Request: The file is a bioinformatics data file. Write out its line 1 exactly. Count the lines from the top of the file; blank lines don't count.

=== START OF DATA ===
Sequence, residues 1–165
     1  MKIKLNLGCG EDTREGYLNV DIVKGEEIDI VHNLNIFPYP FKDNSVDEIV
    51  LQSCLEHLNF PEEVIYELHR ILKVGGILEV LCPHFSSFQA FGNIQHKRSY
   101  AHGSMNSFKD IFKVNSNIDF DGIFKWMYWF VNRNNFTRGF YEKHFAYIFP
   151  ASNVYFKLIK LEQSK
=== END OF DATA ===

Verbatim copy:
Sequence, residues 1–165